A: Yes.
Source: Presidential Debate at Wake Forest University Oct 11, 2000

Rwandan genocide: no military, but more humanitarian aid

Q: What about Rwanda, where 600,000 people died in 1994. Was that a mistake not to intervene?

GORE: We did actually send troops into Rwanda to help with the humanitarian relief measures. I think in retrospect, we were too late getting in there. We could have saved more lives if we had acted earlier. But I do not think that it was an example of a conflict where we should have put our troops in to try to separate the parties for this reason. One of the criteria that I think is important in deciding when and if we should ever get involved around the world is whether or not we can really make the difference with military force, [and] if we have allies. In the Balkans we had allies, NATO, ready, willing and able to go and carry a big part of the burden. In Africa we did not. [Hence] I think it was the right thing not to jump in, as heartbreaking as it was. But I think we should have come in much quicker with the humanitarian mission.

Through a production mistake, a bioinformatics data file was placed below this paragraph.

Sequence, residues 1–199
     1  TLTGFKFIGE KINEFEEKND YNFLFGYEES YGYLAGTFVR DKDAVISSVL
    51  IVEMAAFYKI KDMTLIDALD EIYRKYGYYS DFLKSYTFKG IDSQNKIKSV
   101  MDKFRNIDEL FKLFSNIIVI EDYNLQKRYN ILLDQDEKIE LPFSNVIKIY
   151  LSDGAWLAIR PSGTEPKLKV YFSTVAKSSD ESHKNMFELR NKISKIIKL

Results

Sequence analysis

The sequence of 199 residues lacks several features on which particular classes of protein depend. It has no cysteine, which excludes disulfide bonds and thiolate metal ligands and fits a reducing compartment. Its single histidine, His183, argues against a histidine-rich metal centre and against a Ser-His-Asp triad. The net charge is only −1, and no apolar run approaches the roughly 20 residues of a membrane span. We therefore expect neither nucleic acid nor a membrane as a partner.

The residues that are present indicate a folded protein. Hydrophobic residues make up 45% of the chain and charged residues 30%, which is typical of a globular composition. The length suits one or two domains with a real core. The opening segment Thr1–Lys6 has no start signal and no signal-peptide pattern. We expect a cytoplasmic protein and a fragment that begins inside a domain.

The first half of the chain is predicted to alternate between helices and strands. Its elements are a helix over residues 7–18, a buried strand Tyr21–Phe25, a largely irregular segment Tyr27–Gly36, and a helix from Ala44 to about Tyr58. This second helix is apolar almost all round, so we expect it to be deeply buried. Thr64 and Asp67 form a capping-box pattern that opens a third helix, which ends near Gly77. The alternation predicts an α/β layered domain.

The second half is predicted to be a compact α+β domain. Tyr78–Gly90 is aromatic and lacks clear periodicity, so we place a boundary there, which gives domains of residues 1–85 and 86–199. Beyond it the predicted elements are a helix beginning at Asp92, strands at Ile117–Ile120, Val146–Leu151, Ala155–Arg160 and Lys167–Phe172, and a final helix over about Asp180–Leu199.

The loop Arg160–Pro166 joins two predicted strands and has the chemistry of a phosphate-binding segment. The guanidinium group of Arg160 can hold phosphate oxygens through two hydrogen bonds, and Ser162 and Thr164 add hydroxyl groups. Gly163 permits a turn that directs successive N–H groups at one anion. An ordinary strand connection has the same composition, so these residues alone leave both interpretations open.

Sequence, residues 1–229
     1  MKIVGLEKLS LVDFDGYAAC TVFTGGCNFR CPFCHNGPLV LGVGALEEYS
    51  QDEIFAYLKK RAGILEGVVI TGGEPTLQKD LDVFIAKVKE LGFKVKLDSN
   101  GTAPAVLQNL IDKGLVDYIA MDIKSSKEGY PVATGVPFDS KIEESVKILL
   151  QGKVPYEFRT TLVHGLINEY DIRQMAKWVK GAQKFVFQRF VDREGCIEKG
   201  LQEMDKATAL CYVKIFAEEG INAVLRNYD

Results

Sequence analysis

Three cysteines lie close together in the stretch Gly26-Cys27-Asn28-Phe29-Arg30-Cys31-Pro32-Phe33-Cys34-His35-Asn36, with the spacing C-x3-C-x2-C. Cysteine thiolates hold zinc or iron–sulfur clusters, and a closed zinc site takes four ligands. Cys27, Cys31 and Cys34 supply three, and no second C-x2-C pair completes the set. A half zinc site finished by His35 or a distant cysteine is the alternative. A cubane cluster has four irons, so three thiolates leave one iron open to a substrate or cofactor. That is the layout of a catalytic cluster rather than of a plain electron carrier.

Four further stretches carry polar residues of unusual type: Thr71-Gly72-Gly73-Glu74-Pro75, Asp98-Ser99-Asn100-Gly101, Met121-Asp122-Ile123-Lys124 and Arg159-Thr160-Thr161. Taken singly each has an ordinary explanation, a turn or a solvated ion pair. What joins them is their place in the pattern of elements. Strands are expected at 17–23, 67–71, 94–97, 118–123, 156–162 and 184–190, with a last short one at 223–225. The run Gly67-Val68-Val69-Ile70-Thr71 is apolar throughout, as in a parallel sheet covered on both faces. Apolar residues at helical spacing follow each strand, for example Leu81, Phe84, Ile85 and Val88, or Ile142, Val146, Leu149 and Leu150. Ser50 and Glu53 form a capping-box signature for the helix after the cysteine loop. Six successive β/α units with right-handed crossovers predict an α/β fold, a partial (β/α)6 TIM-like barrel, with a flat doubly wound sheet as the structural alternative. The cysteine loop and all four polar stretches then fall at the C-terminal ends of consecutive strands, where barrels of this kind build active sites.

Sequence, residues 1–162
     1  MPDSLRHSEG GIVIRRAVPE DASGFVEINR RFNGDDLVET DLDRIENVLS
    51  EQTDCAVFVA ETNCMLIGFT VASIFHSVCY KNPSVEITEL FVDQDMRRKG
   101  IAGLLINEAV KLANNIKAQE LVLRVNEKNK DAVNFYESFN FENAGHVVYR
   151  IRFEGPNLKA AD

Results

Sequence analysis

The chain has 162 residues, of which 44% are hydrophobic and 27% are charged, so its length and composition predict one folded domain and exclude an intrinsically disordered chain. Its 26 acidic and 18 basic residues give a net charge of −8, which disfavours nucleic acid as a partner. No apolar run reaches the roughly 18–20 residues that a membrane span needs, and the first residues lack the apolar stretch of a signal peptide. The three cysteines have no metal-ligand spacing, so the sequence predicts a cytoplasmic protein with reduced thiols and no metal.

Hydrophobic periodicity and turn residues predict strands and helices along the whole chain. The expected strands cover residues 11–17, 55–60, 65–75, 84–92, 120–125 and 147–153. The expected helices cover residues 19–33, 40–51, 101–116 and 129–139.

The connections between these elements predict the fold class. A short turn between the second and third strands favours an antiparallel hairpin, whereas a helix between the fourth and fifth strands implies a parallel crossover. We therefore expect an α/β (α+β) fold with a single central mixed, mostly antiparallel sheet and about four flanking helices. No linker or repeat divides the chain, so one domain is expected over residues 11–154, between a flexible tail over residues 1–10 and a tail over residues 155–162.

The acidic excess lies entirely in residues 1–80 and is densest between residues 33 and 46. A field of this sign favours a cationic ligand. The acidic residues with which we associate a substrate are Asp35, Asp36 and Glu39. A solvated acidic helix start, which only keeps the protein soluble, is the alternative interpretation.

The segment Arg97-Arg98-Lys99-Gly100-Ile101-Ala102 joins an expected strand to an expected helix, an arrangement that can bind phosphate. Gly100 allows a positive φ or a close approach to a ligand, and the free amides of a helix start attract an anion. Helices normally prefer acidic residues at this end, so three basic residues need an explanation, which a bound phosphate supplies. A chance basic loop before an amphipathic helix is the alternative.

Source: Presidential Debate at Wake Forest University Oct 11, 2000

Haiti: Intervention gave them a chance at democracy

In Haiti, we got our troops home as soon as the mission was complete. There are no more than a handful of American military personnel in Haiti now. And the Haitians have their problems but we gave them a chance to restore democracy, and that’s really about all we can do. But if you have a situation like that right in our back yard, with chaos about to break out and all kinds of violence there right in one of our neighboring countries there, then I think that we did the right thing there.